The first hurdle that your email will hit on its journey to anyone’s inbox is the dreaded spam filter. Whilst spam filters are constantly improving, you still need to do everything you can to help your email get through it. Otherwise, you may experience a swift and unjust end to your carefully planned campaign.
First off, always ensure that you are sending from an IP address and domain name that have a good sender reputation. You can check your reputation at Sender Score. You can use a reputable email platform such as Mailchimp, Campaign Monitor or Pure360 to help with this too.
Avoid using spam trigger words in your subject lines and emails like ‘satisfaction’, ‘cash’ or ‘congratulations’. These keywords are like big red rags to the spam filter.
Watch your image to text ratio. Too many images can be seen as a flag for spam so the recommended balance to use as a benchmark is 80% text to 20% images.
Finally, you can double check by running your email through a spam checker such as Mail Tester before sending.
Subject line, sender name and sender email address.
Once your email lands in the recipient's inbox, the subject line, sender name and sender email address are your tools to convince them they should open your email.
When it comes to your subject line, it should give the recipient a compelling reason to open the email. Avoid vague subject lines like ‘August Newsletter’. Instead try subject lines that describe a specific benefit or insight the recipient will gain from opening your email.
Urgency can also work in subject lines, making the recipient feel that they’ll miss out on something if they don’t open the email on arrival (or at least soon). Be careful though as using this approach too frequently can be off-putting and may lead to an increase in unsubscribes. It’s the equivalent of a store that has a sale because it claims it’s always closing down.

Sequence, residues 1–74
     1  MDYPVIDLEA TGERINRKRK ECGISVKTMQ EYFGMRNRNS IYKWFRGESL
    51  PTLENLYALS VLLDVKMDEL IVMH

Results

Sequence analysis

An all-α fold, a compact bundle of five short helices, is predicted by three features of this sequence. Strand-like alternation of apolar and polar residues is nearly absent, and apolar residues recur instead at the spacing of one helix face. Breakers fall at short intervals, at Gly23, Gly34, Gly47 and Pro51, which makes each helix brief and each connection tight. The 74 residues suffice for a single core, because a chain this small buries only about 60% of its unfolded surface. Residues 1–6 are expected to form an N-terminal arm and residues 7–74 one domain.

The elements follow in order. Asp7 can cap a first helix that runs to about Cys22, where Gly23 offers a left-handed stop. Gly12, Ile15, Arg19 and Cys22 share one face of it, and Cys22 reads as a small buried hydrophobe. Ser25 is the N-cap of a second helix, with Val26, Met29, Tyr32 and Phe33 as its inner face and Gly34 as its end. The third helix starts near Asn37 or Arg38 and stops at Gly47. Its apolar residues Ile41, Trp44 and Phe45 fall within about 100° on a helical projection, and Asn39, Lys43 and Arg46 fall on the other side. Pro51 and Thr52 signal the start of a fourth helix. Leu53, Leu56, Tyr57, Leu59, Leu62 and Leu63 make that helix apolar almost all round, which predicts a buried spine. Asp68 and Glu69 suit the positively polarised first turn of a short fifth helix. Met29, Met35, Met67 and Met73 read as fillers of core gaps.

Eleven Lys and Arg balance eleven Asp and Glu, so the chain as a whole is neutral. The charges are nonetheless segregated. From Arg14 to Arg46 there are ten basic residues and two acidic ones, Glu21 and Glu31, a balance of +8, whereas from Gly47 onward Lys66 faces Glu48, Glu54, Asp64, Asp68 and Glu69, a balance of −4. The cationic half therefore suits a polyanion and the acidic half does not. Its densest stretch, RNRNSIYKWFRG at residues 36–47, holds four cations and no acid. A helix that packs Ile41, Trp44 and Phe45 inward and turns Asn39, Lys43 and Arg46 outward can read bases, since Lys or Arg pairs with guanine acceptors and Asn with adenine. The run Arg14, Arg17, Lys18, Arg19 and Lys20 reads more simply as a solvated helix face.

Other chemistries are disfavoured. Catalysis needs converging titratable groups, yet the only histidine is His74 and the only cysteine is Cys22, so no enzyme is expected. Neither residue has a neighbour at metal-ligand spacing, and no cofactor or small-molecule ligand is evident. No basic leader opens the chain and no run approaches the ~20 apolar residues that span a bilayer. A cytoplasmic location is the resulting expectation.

Keep an eye on your subject line length. With so many people reading their emails on mobile devices, screen space is limited and it’s common for subject lines to be truncated. Make sure that your subject line is brief and to the point. If a longer subject line is unavoidable then try to include the ‘benefit’ as early as possible.
Some webmail clients such as Gmail and Yahoo truncate sender names so be mindful of their length too.
Research has found that ‘trusting the sender’ is the single most important factor in deciding whether an email should be opened or not. Because of this, it’s crucial that you use a name and email address that is instantly recognisable. Avoid generic email addresses such a ‘[email protected]’ or ‘[email protected]’ for a more personal approach.
You can also try name personalisation in the subject line. This helps reassure the recipient that the email isn’t spam and that it is meant for them specifically. Eg. ‘Adam: your recommended books this week’.
As well as all of the above, you can try experimenting with the time of day you send your emails. For example, people may be less likely to open your email if it arrives first thing on a Monday morning because they’re likely to be busy dealing with their inbox before starting the week.
The optimum time and day to send will depend on your audience and the content of your email so don’t be afraid to try something different. The best way to assess what works for you is through trial and error so keep a track of the data.
For obvious reasons, I often get asked what a good open rate percentage is. The answer is that email open rates vary within different sectors and industries but Mailchimp publish their open rates which is useful for benchmarking.
Open rates will also vary depending on the ‘health’ of your recipients list so you should work to ensure your list is in the best shape it can possibly be. Make sure that everyone has explicitly opted-in to receive emails and use the list regularly to help keep it clean and current. Where possible, you can also use segmentation to send the right content to the right people.
If you’re interested in learning more, you can attend my next Email Marketing Optimisation class at the General Assembly, London on Tuesday 11th July. The workshop is for beginners and will equip you with a solid foundation of knowledge around the basics.